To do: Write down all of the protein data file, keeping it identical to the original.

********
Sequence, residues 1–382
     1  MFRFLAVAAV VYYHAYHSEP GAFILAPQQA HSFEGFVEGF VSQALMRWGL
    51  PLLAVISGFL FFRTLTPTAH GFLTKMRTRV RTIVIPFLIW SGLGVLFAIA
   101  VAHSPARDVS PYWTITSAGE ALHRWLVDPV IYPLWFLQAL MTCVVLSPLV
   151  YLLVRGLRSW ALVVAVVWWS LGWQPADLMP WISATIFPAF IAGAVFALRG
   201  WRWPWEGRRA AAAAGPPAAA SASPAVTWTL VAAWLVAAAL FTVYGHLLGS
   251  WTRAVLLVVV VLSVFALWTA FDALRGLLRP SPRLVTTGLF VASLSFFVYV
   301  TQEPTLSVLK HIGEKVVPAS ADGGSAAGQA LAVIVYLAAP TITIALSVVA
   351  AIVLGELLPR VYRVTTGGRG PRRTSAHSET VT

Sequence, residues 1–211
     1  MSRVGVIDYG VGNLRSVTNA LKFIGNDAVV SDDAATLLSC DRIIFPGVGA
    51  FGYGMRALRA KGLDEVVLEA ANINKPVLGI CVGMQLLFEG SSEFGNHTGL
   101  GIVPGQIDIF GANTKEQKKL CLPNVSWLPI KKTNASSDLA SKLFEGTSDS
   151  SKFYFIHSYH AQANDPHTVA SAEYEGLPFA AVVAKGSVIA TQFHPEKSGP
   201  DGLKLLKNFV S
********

Sequence, residues 1–382
     1  MFRFLAVAAV VYYHAYHSEP GAFILAPQQA HSFEGFVEGF VSQALMRWGL
    51  PLLAVISGFL FFRTLTPTAH GFLTKMRTRV RTIVIPFLIW SGLGVLFAIA
   101  VAHSPARDVS PYWTITSAGE ALHRWLVDPV IYPLWFLQAL MTCVVLSPLV
   151  YLLVRGLRSW ALVVAVVWWS LGWQPADLMP WISATIFPAF IAGAVFALRG
   201  WRWPWEGRRA AAAAGPPAAA SASPAVTWTL VAAWLVAAAL FTVYGHLLGS
   251  WTRAVLLVVV VLSVFALWTA FDALRGLLRP SPRLVTTGLF VASLSFFVYV
   301  TQEPTLSVLK HIGEKVVPAS ADGGSAAGQA LAVIVYLAAP TITIALSVVA
   351  AIVLGELLPR VYRVTTGGRG PRRTSAHSET VT

Sequence, residues 1–211
     1  MSRVGVIDYG VGNLRSVTNA LKFIGNDAVV SDDAATLLSC DRIIFPGVGA
    51  FGYGMRALRA KGLDEVVLEA ANINKPVLGI CVGMQLLFEG SSEFGNHTGL
   101  GIVPGQIDIF GANTKEQKKL CLPNVSWLPI KKTNASSDLA SKLFEGTSDS
   151  SKFYFIHSYH AQANDPHTVA SAEYEGLPFA AVVAKGSVIA TQFHPEKSGP
   201  DGLKLLKNFV S